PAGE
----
updated 6/28/2005 7:55:30 PM ET 2005-06-28T23:55:30

Britain’s biggest phone company will use Microsoft Corp.’s technology to launch interactive TV services, joining a crowd of telephone companies around the globe who’ve allied with the software maker in a bid to compete with cable TV.

The announcement Tuesday by BT Group PLC is a boost for Microsoft’s so-called IPTV platform after some prominent setbacks and unconfirmed reports of possible glitches and delays. (MSNBC is a Microsoft - NBC joint venture.)

The Microsoft product will be used by BT to deliver video-on-demand and interactive features such as online chat, voting, gambling and video games. But unlike other phone companies such as SBC Communications Inc., BT is not planning to use the IPTV platform to deliver the regular lineup of cable TV channels.

Instead, it will be integrating the technology with a free digital broadcast platform introduced by the BBC in 2001, BT said.

The deal with BT marks the latest in a series of big customer wins for Microsoft’s TV technology among phone companies looking to compete with cable, including three of the four regional Bells in the United States.

But the announcement also comes at an opportune time for Microsoft, which has seen IPTV trials with customers in Switzerland and Australia stumble over the past month.

In May, Swisscom AG announced it won’t launch its IPTV service — IP stands for Internet Protocol — during the second half of 2005 as planned. And last week, Telstra Corp. of Australia revealed it will not be conducting market trials with the software.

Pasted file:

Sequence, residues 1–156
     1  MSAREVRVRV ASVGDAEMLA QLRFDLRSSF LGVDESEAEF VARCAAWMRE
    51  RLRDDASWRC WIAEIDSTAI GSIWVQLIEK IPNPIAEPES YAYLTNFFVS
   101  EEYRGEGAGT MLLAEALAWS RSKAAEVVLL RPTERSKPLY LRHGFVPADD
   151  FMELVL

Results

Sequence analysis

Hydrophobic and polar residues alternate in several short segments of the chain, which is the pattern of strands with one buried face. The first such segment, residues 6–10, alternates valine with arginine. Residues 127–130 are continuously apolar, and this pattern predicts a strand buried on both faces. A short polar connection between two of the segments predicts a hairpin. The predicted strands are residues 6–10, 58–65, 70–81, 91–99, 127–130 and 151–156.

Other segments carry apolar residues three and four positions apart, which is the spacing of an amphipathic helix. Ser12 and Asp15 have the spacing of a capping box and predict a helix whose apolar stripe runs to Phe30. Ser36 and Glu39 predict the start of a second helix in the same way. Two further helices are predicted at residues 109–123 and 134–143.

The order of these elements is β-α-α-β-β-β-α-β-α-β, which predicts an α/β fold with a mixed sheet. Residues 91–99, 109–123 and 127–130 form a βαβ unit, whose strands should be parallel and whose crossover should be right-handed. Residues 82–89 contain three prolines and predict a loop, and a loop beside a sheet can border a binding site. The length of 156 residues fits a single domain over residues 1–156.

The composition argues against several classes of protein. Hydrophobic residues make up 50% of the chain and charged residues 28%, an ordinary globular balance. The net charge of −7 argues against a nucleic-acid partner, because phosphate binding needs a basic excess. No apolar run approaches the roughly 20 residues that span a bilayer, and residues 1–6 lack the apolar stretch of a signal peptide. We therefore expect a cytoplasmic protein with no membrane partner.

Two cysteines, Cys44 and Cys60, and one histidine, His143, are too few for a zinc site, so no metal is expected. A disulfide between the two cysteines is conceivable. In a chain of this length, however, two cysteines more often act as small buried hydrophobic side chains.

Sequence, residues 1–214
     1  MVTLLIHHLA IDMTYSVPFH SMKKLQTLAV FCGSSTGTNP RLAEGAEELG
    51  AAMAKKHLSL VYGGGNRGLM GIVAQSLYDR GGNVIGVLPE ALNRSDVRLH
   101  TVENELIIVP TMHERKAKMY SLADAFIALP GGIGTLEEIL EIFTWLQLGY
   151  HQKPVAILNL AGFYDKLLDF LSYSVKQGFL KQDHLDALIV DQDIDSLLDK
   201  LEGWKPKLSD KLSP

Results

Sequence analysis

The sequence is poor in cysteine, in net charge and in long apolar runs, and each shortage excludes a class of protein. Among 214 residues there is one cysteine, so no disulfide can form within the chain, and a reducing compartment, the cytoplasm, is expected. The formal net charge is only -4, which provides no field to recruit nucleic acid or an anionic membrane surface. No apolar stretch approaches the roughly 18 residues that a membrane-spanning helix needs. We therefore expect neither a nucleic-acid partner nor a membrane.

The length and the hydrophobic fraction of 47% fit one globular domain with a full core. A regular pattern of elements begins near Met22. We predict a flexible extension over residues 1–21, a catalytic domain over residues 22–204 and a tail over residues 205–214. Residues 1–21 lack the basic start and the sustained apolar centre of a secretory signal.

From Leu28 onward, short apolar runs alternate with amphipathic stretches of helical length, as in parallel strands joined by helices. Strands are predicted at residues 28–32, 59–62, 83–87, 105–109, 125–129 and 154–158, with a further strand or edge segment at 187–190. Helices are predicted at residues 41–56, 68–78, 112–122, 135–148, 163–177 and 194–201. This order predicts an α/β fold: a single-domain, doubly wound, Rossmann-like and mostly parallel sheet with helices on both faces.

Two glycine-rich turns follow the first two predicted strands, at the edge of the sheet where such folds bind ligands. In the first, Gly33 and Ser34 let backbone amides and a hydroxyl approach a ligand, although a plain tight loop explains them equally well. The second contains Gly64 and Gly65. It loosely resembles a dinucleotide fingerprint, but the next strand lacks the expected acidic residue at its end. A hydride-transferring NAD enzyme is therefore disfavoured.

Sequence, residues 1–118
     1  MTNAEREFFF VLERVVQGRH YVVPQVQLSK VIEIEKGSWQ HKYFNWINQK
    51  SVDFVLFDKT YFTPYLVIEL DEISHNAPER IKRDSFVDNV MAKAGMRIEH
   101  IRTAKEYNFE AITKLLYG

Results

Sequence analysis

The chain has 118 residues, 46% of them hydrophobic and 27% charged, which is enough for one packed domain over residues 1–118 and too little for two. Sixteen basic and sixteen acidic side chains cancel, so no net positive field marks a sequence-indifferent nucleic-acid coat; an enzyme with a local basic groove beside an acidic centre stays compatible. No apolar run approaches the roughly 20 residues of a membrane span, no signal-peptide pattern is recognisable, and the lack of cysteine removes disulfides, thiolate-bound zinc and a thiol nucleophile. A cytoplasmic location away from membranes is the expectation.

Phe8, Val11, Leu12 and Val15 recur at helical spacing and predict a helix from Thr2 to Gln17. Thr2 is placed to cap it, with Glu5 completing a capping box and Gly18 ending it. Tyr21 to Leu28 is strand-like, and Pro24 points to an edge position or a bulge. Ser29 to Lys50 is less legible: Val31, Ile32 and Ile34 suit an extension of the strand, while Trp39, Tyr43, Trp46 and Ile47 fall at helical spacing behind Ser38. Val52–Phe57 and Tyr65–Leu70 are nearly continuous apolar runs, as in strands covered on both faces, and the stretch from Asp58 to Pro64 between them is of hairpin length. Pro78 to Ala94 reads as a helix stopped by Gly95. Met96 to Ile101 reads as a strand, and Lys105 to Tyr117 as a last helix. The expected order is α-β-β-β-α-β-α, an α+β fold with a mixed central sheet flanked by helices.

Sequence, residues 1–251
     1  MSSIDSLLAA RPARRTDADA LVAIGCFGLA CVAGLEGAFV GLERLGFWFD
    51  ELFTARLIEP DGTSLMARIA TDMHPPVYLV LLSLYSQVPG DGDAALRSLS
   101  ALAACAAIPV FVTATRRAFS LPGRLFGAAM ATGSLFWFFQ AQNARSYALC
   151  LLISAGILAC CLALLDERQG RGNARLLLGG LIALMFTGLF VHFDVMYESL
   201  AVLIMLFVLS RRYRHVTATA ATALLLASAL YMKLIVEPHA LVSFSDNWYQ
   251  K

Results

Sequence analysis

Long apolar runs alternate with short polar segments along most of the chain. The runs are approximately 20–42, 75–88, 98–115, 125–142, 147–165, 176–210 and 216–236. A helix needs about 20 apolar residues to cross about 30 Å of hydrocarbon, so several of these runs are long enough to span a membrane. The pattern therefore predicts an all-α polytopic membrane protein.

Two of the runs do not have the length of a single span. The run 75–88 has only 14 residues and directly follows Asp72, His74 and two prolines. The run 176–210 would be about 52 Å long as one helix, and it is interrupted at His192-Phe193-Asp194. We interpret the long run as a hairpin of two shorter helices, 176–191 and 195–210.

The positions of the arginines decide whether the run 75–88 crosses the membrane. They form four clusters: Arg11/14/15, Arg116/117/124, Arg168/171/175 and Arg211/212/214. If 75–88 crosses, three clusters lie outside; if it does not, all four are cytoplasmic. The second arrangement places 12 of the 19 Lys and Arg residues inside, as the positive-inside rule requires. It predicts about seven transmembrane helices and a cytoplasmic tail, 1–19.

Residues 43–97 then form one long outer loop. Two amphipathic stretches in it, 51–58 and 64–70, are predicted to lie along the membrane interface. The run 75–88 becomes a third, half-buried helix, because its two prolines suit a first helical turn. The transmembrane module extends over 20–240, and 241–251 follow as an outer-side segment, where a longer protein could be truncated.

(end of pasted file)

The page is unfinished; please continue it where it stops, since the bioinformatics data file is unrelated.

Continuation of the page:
Microsoft has said both developments are related to factors other than its software.

Meanwhile, in early June, numerous news reports emerging from a tech show in Chicago cited anonymous sources as saying the Microsoft technology is encountering serious problems that could force further delays in SBC’s planned rollout of a full-blown IPTV system by late 2005 or early 2006.

“Most of those reports were false,” Moshe Lichtman, corporate vice president for Microsoft TV, said in an interview Tuesday.

He acknowledged that there have been difficulties tying together a new software platform with a wide array of hardware from a variety of vendors, but said nothing insurmountable has emerged.

“When you reinvent TV, there are a lot of moving parts, and some pieces of puzzle are taking longer to come together,” Lichtman said. But, he added, “Our partners are making dramatic progress, and the customers we have talked about are focused and their plans haven’t changed.”

While it’s unclear why, both SBC and Verizon have been nudging back their timetables for testing and launching their cable TV services.

SBC, based in San Antonio, initially planned to start selling IPTV-based cable service in at least one market by the end of 2005. But in recent months, the timetable has drifted to late 2005 or early 2006, and SBC’s wording has shifted to an “initial controlled market launch” rather than a market-wide rollout.

So far, SBC has only tested the Microsoft technology in the field at a handful of employees’ homes. A larger trial with employees is slated for this summer.

Verizon, which like BT is initially using IPTV to deliver video-on-demand and other interactive services on top of a traditional cable delivery platform, has also backed away some from its ambitious timetable for introducing TV over the all-fiber network it is building.

The New York-based company, which has been conducting trials with employees in Texas, originally indicated it would launch the service in at least one market around mid-year. More recently it has pointed to the end of September or, more vaguely, “during” the second half of this year.

Copyright 2005 The Associated Press. All rights reserved. This material may not be published, broadcast, rewritten or redistributed.


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